Continually expecting to be perfect can lead to poor self-esteem. The constant flawlessness you expect from others makes you quick to criticize. Be constantly vigilant for high expectations. Maintain-ing your self-esteem is critical. Negative thoughts will produce negative results. Fight negative self-talk that creeps into your mind. Recognize that “should have” is a form of negative thinking, as is comparing yourself with others. Learn to say no to such activities. Instead, focus on your assets. Avoid placing blame, being pessimistic, feeling victimized, and striving to be a perfectionist. Remember also that you are not alone in the high-expectation personality group. Negativity is extremely contagious in the fire station. Any outbreak will quickly spread! Keeping a positive outlook in your own mind helps, and helping others to fight negativity will keep your environment more positive.

STRESS FROM MAJOR INCIDENTS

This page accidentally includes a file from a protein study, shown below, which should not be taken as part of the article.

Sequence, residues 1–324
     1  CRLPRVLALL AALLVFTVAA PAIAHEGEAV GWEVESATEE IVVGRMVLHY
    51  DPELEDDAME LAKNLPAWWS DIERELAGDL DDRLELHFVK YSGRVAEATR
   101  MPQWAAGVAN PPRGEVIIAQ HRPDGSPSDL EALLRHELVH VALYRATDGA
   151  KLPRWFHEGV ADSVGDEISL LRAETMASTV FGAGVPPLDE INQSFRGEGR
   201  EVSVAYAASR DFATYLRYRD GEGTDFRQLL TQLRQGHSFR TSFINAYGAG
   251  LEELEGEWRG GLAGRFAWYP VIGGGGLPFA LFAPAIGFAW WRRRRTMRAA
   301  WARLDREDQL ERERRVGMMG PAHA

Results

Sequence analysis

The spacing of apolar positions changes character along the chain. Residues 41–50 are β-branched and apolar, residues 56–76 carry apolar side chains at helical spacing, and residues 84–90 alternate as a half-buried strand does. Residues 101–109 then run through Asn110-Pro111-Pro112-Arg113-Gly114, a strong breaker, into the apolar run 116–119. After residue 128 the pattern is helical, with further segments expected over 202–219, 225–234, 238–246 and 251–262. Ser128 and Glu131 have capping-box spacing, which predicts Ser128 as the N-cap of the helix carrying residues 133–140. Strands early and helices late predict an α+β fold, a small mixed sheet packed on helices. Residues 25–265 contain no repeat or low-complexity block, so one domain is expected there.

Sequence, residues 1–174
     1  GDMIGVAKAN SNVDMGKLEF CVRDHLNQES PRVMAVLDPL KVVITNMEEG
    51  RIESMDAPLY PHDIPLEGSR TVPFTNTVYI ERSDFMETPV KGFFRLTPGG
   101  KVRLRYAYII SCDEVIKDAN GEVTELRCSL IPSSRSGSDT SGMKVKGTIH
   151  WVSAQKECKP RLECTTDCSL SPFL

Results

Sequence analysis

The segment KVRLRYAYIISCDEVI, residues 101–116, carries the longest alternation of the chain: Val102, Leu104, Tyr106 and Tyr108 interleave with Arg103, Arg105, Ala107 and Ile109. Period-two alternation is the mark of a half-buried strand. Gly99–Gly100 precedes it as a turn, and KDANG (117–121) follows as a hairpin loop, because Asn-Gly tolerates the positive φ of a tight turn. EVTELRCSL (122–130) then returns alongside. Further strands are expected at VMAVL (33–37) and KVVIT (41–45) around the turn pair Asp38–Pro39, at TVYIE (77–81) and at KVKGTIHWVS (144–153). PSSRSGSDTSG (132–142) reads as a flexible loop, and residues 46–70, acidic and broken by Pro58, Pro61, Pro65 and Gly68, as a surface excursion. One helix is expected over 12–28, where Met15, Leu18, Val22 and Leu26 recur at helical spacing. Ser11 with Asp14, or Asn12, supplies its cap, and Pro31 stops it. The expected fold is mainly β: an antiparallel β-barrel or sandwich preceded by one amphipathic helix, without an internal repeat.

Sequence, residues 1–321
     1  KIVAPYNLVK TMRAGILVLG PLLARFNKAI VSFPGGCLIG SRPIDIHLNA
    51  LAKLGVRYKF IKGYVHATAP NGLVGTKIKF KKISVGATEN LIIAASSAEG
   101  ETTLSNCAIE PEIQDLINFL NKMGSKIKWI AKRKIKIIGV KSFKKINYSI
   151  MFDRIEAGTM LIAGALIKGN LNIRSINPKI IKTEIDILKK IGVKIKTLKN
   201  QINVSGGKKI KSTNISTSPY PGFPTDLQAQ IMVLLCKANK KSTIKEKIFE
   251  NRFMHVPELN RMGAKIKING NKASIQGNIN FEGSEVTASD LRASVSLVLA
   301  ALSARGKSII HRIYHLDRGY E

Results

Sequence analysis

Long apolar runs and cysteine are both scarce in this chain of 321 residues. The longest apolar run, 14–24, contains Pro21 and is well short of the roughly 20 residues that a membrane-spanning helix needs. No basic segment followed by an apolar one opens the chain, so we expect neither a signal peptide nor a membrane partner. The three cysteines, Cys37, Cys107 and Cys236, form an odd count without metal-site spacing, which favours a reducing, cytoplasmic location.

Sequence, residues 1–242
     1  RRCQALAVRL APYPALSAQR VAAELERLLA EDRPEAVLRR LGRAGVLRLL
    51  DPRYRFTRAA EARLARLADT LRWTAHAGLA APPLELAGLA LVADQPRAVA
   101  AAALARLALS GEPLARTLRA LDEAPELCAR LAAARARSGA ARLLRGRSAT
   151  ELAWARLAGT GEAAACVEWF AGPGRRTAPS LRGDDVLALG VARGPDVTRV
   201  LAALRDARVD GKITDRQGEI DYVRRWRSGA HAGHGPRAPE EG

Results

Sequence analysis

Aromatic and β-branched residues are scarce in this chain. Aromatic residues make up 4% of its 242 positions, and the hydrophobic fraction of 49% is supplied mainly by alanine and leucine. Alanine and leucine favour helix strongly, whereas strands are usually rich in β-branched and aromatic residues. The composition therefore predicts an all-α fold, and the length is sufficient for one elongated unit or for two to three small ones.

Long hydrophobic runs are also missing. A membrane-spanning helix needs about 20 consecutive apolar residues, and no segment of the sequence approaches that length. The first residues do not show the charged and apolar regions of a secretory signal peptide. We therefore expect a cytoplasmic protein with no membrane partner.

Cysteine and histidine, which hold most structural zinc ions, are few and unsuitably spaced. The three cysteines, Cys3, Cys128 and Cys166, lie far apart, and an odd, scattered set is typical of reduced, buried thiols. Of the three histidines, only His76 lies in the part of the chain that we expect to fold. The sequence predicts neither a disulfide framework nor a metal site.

A “normal” individual exposed to an extremely unusual event can be expected to develop some psychological symptoms. The mental health profession first saw this constellation of symptoms in soldiers returning from battle and labeled it “post traumatic stress disorder” (PTSD). Firefighters often experience these same symptoms from extremely unsettling runs, which I’ll refer to as “critical incidents.” More recently, the name “acute stress disorder” has been applied to the immediate time period following a critical incident. Its symptoms are virtually the same as those for PTSD. Fire service instructors, mentors, and leaders must educate new members and recruits about the symptoms of PTSD. Without some warning, firefighters may believe that their emotional reaction to a serious incident is abnormal and signifies an inability to handle occupational stress. Nothing could be further from the truth. Any normal person exposed to a significantly upsetting situation can develop symptoms of PTSD; firefighters are no exception. A firefighter may experience symptoms after seeing for the first time a dead body after a particularly gruesome motor vehicle accident. Symptoms may also result following a serious and dangerous fire operation.